Comparing loose diamonds for an engagement ring? Don’t be dismayed by the dizzying array of choices. The important thing is to compare wisely. Here are six easy steps to help you pick a diamond that’s beautiful and a smart purchase.

If you’ve ever bought a car, computer, house – or any major purchase – you know that the secret to finding the best value is good comparison shopping. That means knowing the features you want, how much you want to spend and how to recognize quality. It’s no different when comparing loose diamonds.

1. First things first: Establish a budget

Diamond engagement rings sell from less than $500 to more than $500,000. That’s quite a range, so it might be helpful to know that in 2017 the average U.S. consumer spent $6,351 on an engagement ring according to The Knot.

So what should your budget be? That is a question only you can answer. But knowing how much you want to spend before you start to look for an engagement ring diamond is essential. A budget will significantly narrow the loose diamonds in your search, and it will help ensure that you’re comparing apples to apples, so to speak.

A 2.02 carat (ct) round brilliant set in a simple band

A 2.02 carat (ct) round brilliant set in a simple band is sure to leave your beloved breathless. Courtesy: 1stdibs.com

2. Learn the 4Cs

The 4Cs of Diamond Quality, which GIA created, is the universal standard for describing diamonds. Understanding the 4Cs will allow you to determine the diamond qualities that are most important to you and help you compare those qualities across an array of loose diamonds.

The 4Cs are:

  1. Color: Within the D-to-Z range, less color is rarer and more valuable.
GIA D-to-Z color scale.

GIA created the D-to-Z color scale, with D being colorless and Z showing distinct yellow, brown or gray. Within the D-to-Z scale, colorless diamonds are typically prized over ones with color. Intensely colored diamonds (fancy colors) are a different matter.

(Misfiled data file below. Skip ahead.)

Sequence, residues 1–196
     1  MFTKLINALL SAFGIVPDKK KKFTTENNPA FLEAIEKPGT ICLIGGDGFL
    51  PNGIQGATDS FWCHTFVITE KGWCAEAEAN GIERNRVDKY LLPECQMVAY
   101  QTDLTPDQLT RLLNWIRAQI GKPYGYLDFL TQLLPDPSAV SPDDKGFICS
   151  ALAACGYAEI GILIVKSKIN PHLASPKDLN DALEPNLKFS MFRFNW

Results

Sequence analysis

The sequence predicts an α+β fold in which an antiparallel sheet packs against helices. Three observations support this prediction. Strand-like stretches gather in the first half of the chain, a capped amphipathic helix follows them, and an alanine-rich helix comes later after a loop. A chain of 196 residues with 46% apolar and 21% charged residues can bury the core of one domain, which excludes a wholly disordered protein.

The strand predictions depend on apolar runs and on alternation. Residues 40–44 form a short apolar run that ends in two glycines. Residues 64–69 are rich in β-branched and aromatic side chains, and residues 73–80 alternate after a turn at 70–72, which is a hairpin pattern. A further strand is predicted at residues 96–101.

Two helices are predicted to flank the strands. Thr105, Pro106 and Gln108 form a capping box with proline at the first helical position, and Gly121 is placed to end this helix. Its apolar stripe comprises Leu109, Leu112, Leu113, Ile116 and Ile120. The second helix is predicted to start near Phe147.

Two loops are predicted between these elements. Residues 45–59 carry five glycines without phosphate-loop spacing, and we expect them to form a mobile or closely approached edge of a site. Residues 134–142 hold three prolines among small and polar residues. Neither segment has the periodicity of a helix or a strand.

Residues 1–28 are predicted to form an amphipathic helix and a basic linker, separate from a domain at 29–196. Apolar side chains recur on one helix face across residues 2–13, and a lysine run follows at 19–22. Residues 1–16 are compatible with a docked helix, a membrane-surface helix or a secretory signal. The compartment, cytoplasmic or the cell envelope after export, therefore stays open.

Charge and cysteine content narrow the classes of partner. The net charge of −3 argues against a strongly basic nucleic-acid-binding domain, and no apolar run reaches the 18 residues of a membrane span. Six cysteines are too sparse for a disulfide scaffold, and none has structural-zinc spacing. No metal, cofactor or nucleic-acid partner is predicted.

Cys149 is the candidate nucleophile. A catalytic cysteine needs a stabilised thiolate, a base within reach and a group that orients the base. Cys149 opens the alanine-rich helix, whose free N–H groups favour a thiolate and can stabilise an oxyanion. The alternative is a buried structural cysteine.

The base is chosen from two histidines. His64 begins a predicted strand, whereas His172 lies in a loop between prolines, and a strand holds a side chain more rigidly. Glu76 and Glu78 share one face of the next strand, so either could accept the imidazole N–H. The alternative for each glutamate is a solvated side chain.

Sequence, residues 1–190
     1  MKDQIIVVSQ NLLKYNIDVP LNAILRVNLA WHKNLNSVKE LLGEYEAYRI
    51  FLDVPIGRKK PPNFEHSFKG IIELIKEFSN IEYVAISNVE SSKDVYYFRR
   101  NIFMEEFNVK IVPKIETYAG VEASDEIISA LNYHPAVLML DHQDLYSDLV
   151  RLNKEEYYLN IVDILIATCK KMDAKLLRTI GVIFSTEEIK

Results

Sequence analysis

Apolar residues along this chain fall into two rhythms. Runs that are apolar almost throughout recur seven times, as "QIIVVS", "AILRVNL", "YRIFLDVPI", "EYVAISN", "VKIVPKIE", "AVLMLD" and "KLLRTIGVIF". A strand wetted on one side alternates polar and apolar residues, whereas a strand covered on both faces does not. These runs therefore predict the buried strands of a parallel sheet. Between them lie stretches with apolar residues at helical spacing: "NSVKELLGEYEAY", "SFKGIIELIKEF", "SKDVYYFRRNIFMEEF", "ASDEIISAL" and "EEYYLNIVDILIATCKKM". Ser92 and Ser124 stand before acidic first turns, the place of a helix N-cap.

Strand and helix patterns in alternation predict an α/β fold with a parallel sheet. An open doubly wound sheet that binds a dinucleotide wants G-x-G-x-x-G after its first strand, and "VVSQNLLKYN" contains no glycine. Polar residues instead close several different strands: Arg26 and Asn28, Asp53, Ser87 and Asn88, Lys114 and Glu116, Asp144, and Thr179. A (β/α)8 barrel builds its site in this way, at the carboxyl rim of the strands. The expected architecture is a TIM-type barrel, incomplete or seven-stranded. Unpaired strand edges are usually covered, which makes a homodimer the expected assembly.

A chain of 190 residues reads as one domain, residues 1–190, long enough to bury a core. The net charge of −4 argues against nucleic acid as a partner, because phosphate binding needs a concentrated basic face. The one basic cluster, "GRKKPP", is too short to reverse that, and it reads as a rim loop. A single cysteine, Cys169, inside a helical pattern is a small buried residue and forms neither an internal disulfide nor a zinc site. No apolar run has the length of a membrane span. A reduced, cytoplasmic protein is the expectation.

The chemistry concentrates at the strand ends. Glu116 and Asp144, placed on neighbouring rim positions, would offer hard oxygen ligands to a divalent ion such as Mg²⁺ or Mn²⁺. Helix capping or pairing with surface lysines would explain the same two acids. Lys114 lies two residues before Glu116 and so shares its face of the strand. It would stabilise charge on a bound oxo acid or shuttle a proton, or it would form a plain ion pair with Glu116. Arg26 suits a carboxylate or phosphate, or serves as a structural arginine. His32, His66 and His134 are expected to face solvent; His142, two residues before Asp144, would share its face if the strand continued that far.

1. Cut: How well a diamond’s facets interact with light is determined by the quality of its cut.
A diamond’s cut greatly affects its appearance, as these three round brilliants illustrate.

Three round brilliant cut diamonds with different cut grades vividly illustrate how cut affects a diamond’s appearance. Based on the GIA Diamond Cut Scale, the cuts of these diamonds were graded, from left to right: Poor, Good and Excellent. Photo: Kevin Schumacher/GIA

  1. Clarity: This refers to the presence or absence of inclusions in the stone and blemishes on the surface.

Numerous inclusions and blemishes mar the appearance of this diamond.

Numerous inclusions and blemishes mar the appearance of this diamond. Photo: John I. Kiovula/GIA

An internally flawless diamond is a thing of beauty.

An internally flawless diamond is a thing of beauty. Photo: Robert Weldon/GIA. Courtesy: Rogel & Co. Inc.

  1. Carat Weight: The measurement, in metric carats, of how much a diamond weighs, its mass or size.
As a diamond’s carat weight increases, it typically appears larger.

As a diamond’s carat weight increases, it typically appears larger.

3. Prioritize your most important C

Once you’ve set your budget and learned about the diamond quality factors, you can begin identifying which “C” is most important to you. This will help narrow your choices among loose diamonds even further, and you can start shopping in earnest.

Here’s a quick overview of the 4Cs and how to prioritize them:

  • If a diamond’s colorlessness captivates you, then diamond color will be your most important C. Remember that a diamond’s color will be affected by the metal used in the ring. Platinum and other white metals can accentuate the absence of color in diamonds with a color grade of H or better. Similarly, diamonds with a slightly yellowish body color (a color grade lower than M) will be more noticeable if set in yellow gold.
  • GIA graded the 2.04 ct diamond center stone in this ring as F color, VVS2 clarity.

    GIA graded the 2.04 ct diamond center stone in this ring as F color, VVS2 clarity. Courtesy: 1stdibs.com

  • If you want a diamond with fewer inclusions and blemishes, then clarity will be your most important C. Keep in mind that you are not likely to see inclusions in diamonds with clarity grades of SI1 or higher with the unaided eye.
Inclusions and blemishes are typically more easily seen with the unaided eye in emerald cut diamonds.

Inclusions and blemishes are typically more easily seen with the unaided eye in emerald cut diamonds. It might be possible to see an SI1 inclusion in an emerald cut, but this one has a clarity grade of VS1, so it should be pleasing to the eye. Courtesy: Blue Nile